Shradha Gadtaula, 28 July
Mental health has been a pre-existing concealed plight because of stigma related to this. According to WHO, mental health is a state of welfare in which an individual understands his/her self potential, can get through with the stresses of life, can work effectively, and is capable to contribute to his/her community (WHO, 2018). From the survey three years ago, it showed that 37% of the population suffered from some kind of mental health problem in Nepal. But a new survey showed that the COVID-19 and lockdown have intensified the problem where a quarter of those that were surveyed said that they felt restless, fearful, anxious, and worried all the time. As per the Nepal Police, since the beginning of the lockdown on March 24, a total of 1,647 cases of suicide were filed as of June 27, with an average of 18 suicides per day since the implementation of lockdown (Arjun Poudel, 2020). The COVID-19 pandemic and nationwide lockdown has taken a toll on an individual’s mental health, triggered new issues, and intensified the existing problems.
Social Stigma caused by the Pandemic
Globally, the COVID-19 pandemic has enormously affected the socio-economic and mental health status of people due to the lockdown and the uncertainty of the virus’ eradication in the future. Covid-19 that originated from Wuhan, China, has spread in 213 countries and territories around the world. As yet, the latest data retrieved from World Meter on 28th July 2020 shows that the total number of COVID-19 cases globally has reached up to 1,67,64,791 causing the death of 6,59,786 with the recovery of 10,318,139people (WHO). The long term impact of COVID-19 seems to be more on mental than physical health. It has brought an abundant amount of potent aggravation by removing the existing resources that they used to cope with which may be; get-together with friends, family, and relatives, traveling among others. The stigma of the virus has been more dangerous than the virus itself as those who are suspected of having it has been disgraced and treated as an outsider. The pandemic has provoked social stigma and discriminatory behavior to certain ethnic groups as well as anyone that is perceived to have the virus. Blaming and shaming certain groups of people for a pandemic enhances the negative mental effect in the person with the disease as well as their caregivers.
Lockdown for 4 months had been used as a measure to slow the spread of COVID-19 in Nepal. With the widespread lifting of the lockdown on July 21, there are still some exceptions. Lockdown due to the pandemic has not only affected physically but also economically. Not only the poor and marginalized but the entrepreneurs; due to the loss of money and pressures to repay bank loans, daily wagers and small-scale workers living in rent, and the youths who are the working students and staying in Kathmandu has been tremendously affected by the pandemic. Globally, the socio-economic stress of the pandemic has been felt as a result large number of psychological distress and suicides has spiked. With the spread of the COVID-19, suicide is likely to be a major concern as the pandemic leaves behind a long-lasting effect on the population, economy, and the vulnerable people.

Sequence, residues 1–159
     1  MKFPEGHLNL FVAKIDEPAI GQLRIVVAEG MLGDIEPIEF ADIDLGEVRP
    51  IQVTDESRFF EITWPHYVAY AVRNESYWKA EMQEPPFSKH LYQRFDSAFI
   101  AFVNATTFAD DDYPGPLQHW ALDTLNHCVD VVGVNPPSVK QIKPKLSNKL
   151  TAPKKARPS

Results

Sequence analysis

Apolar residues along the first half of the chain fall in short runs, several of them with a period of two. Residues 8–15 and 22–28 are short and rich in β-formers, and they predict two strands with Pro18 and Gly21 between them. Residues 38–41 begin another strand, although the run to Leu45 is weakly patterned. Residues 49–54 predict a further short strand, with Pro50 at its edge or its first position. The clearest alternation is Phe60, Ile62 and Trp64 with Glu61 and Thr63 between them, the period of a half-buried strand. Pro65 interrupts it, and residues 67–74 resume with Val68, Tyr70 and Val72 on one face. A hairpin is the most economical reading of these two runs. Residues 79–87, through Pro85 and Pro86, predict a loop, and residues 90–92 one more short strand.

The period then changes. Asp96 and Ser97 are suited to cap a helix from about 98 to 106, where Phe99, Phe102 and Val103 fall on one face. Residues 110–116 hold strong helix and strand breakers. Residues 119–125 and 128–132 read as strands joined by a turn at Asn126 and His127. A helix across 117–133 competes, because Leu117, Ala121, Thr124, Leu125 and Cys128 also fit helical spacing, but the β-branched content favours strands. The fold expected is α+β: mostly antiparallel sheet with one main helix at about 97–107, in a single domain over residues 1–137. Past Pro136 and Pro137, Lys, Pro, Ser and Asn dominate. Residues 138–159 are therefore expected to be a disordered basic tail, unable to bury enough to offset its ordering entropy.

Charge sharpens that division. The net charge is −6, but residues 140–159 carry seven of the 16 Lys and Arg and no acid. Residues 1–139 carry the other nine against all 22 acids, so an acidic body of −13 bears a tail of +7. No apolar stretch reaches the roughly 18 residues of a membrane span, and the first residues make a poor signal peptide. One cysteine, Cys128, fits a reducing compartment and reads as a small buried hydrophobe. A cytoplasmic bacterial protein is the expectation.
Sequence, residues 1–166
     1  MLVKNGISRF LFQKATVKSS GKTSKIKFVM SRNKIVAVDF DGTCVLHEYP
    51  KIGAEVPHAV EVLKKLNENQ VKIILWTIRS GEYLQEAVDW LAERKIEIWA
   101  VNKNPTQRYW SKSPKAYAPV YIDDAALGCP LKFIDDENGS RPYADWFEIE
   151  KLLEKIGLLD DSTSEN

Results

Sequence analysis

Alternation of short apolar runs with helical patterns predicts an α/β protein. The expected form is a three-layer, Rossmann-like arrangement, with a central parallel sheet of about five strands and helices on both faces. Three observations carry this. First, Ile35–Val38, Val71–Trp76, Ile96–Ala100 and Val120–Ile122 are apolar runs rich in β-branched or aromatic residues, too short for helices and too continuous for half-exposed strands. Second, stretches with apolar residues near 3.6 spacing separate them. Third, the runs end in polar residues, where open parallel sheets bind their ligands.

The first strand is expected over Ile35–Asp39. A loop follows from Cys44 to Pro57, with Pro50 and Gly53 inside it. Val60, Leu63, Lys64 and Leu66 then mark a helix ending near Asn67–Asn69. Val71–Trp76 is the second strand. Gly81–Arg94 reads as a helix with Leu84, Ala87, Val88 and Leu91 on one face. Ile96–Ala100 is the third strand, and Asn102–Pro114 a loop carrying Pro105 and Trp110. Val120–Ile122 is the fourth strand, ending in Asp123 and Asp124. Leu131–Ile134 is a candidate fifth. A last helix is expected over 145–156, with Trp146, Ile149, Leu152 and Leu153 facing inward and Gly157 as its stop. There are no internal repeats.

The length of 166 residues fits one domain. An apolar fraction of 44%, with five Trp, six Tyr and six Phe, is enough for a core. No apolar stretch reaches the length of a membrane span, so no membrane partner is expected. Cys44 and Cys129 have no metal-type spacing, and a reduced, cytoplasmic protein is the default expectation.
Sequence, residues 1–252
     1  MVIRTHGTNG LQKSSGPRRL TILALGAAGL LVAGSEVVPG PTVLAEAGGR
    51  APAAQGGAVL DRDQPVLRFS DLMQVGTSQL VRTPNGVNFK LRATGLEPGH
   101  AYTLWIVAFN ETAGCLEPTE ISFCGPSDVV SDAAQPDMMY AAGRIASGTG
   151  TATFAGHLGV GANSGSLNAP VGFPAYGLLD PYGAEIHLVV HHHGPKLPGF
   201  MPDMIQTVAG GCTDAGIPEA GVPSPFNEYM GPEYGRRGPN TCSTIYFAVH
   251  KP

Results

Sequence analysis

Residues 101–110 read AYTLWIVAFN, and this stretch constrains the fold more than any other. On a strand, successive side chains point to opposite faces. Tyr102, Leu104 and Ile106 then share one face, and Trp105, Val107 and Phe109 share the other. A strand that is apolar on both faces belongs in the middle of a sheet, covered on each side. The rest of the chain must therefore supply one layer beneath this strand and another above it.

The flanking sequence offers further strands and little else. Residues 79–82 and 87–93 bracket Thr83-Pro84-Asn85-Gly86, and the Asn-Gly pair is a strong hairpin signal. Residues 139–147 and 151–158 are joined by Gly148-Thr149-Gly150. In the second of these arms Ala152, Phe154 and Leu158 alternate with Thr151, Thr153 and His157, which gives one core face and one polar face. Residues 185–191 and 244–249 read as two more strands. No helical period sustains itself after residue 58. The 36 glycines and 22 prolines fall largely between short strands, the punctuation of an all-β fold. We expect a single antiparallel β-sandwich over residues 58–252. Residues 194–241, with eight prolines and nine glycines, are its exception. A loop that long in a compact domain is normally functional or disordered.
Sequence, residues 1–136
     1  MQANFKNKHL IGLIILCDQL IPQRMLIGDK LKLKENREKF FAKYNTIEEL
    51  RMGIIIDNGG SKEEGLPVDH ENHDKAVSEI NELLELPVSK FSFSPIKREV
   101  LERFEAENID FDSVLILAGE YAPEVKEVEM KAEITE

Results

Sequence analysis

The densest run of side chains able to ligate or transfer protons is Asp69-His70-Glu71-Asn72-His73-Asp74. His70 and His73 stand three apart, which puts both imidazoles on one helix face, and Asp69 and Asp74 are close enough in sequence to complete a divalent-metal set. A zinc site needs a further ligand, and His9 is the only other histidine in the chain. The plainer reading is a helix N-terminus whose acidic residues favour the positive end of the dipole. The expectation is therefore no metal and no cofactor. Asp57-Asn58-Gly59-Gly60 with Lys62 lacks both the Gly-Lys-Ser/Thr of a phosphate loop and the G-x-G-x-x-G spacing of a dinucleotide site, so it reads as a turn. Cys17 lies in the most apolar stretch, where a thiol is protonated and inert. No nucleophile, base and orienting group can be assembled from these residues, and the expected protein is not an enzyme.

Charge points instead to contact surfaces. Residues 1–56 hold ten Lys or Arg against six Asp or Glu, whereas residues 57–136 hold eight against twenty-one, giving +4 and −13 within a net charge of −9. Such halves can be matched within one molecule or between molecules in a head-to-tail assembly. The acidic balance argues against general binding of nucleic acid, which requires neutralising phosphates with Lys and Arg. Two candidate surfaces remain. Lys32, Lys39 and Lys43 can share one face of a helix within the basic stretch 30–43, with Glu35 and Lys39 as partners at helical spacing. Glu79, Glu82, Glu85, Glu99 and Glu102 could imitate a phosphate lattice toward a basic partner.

Facts Related to Suicide
A study by the well-trust and researchers affiliated with the American Academy of Family Physicians found that the suicide and substance abuse-related problems are likely to be increased caused by COVID-19 pandemic (Arjun Poudel, 2020). With the impact in the economy, an increase in suicide triggered by COVID-19 is most likely to transpire. There have been intermittent reports of people suffering from loneliness, desperation due to loss of jobs and businesses, and domestic violence amid the pandemic lockdown.
The overall social, economic, psychological well-being of Nepalese have been affected by the pandemic. The social distancing, quarantine, and isolation have disrupted the normal schedule and also disrupted the normal bereavement process of families. It has caused an economic downturn which has put financial pressure in lots of families which may increase abuse, conflict, depression, and domestic violence. For an uncertain time, the impact caused by COVID-19 lockdown can be a huge challenge where the coping strategies, mental health intervention, and awareness should be emphasized and addressed.
Stress during the Pandemic can Cause:
- Fear and worry about your health and your loved ones, financial situations, and jobs.
- Sadness, anger, or frustration because friends or loved ones have fears of getting the disease from you, even though you are cleared to be around others.
- Changes in the pattern of sleeping and eating.
- Difficulty in concentrating.
- Increase in the use of alcohol, tobacco, and other substances.
- Intensification of chronic health problems.
- Intensification of mental health problems.
According to the Centers for Disease Control and Prevention, the following are some of the healthy ways to cope from the stress caused by pandemic:
- Realize what to do if you are sick and concerned about COVID-19.
- Know when and how to get treatment; including support services and also counseling therapy.
- Take a break from the news related to the cases of COVID-19 as repeatedly hearing about pandemic can be stressful.
- Take care of your body; try to eat healthily, exercise, and meditate regularly.
- Connect with others; friends and families.
- Take care of your emotional health.
Centre for Mental Health and Counseling Nepal
Toll-free: 16600185080, Hotline: 1145
Toll-free number: 16600102005
(The writer is a student of Psychology, Masters Program at Tribhuvan University, Kathmandu )